Beginners

C.O.F.L.T. Conference Reflections

The energy-loaded Tina Hargaden, vice-president of the C.O.F.L.T. in Portland, organised a conference and I got to do the T.P.R.S. part of it– a one-day workshop with German storyasking demo, reading, Movietalk, Picturetalk, method explanation, Q&A, etc.

To say I had a busy weekend would be an understatement:  work Fri, drive 7 hours to Portland (through Seattle traffic, its own special Hell, thank you NPR for making it bearable), have a beer and talk shop with Tina, sleep like a baby at the Kennedy School Hotel (a high school converted to hotel– awesome– “fall asleep in class” is their tag), do presentation, drive back to Canada, time change, it’s now 1 AM, sleep three hours, get on plane to Cuba…where thank God they have mojitos  and overhung limestone rock routes.

Anyway, we had the most people of any workshop at the conference (almost 30) and Tina told me that we were the only room where people were regularly laughing.  There were a bunch of Chinese student teachers doing their degrees in Portland, a few TPRSers who were in for a tune-up, and a whack of curious rookies.

So I got my evaluations back.  You can see the COFLT 2016 Stolz TPRS feedback forms if you want to see how awesome I am ūüėČ and how much Oregonians appreciate their gluten-free, salad-based, vegan or organic meat, locally-sourced artisanally-cooked dishes, etc ūüėĄ.  But mostly what is interesting in the comments are the themes that recur.

1.  A lot of people said they really appreciated the German demo aspect of the presentation (an idea I got from Blaine Ray).  People wrote along the lines of “it was great to experience what it is like to be a student.”  I remain convinced that the only way to make any language-instruction method convincing is to teach people part of a language they don’t know.  It is so easy for us to forget how tough it is– even with good C.I.– to pick up a new language.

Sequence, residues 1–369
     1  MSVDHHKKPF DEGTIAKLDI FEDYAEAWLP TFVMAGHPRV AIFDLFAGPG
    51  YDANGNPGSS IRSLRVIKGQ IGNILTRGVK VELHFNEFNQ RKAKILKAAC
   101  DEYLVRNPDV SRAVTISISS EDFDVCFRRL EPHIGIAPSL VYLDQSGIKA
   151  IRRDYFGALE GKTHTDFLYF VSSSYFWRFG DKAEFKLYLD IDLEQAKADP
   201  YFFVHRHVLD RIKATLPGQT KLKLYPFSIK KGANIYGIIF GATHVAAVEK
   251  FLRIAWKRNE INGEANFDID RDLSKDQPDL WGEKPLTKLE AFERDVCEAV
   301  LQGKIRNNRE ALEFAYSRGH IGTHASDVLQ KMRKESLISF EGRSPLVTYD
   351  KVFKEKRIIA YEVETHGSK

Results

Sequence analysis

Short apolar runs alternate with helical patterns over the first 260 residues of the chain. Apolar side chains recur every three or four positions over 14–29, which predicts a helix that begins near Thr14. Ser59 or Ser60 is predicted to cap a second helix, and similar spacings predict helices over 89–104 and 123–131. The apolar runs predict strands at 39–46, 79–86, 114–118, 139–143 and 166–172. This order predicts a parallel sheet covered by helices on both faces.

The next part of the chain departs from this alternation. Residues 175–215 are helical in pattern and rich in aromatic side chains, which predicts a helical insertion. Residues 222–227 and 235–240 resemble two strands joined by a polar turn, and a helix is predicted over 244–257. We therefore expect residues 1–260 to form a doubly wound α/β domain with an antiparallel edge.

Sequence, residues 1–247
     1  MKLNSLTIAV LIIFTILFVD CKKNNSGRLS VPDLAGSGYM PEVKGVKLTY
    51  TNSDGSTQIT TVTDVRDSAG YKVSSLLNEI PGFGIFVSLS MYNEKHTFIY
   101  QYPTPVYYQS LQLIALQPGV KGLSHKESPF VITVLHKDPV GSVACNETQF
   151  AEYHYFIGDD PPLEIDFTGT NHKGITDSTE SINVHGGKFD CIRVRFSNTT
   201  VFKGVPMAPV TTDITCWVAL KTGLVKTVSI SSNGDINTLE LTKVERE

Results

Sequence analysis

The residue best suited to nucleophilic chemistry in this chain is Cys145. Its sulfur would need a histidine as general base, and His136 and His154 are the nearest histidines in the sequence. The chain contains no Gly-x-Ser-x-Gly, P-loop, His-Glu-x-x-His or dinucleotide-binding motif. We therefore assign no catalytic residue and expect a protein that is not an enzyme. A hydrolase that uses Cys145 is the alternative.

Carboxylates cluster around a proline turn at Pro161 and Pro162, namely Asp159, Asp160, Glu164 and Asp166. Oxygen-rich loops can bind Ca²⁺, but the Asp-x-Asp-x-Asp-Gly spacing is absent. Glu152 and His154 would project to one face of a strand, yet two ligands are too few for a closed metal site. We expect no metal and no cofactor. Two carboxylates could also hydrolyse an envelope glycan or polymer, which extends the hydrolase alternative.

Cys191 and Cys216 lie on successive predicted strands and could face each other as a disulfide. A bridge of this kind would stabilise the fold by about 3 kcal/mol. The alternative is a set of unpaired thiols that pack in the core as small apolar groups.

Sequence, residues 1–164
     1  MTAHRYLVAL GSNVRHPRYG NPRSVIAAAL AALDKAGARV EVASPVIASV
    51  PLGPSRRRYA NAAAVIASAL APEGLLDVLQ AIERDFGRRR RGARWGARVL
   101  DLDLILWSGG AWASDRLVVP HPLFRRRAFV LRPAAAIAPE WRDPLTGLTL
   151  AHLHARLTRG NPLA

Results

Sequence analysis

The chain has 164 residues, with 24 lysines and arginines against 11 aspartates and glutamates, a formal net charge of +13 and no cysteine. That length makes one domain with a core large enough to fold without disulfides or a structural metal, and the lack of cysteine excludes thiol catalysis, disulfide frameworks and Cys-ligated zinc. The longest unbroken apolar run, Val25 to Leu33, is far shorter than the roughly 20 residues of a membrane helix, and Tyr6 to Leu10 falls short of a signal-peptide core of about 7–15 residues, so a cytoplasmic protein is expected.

2.  Recognising that, and because we had some native Mandarin speakers at the workshop, I asked participant Yuan to teach us some Mandarin (Blaine Ray also does this).  She parallel-circled two sentences:  Chris climbs mountains and Tina drinks beer

  
This put me into the students’ seat and it was enlightening.  I noticed two things:

a) I needed a LOT of reps to remember the Mandarin, and I was glad Yuan went s.l.o.w.l.y.

b) Mandarin does not seem very difficult.  No articles, verb conjugation, etc, though word order seems crucial.

3.  Most people wanted more time with T.P.R.S. (or even me as presenter).  There seems to be a need (in OR and WA) for more C.I.-themed language workshops.  Luckily, Tina Hargaden and C.O.F.L.T. on it and there will be a conference Oct 13-15 which will feature Steve Krashen, Karen Rowan, etc.

4. I talked to another presenter who had a workshop called something like “using authentic docs to design authentic tasks for authentic assessment.” He did some explaining and I wondered two things:

a. What do you actually do with the info from an “end of unit” assessment?  If Max and Sky do well, and Rorie and Arabella terribly, now what? How does that info shape your next “unit”?  I guess if you want a number, awesome, but numbers help neither teachers nor students. 

b. How much energy is a teacher productively using when they design #authres-based activities for assessment? I mean, most #authres don’t use high-freq vocab and are often more of a guessing game for students.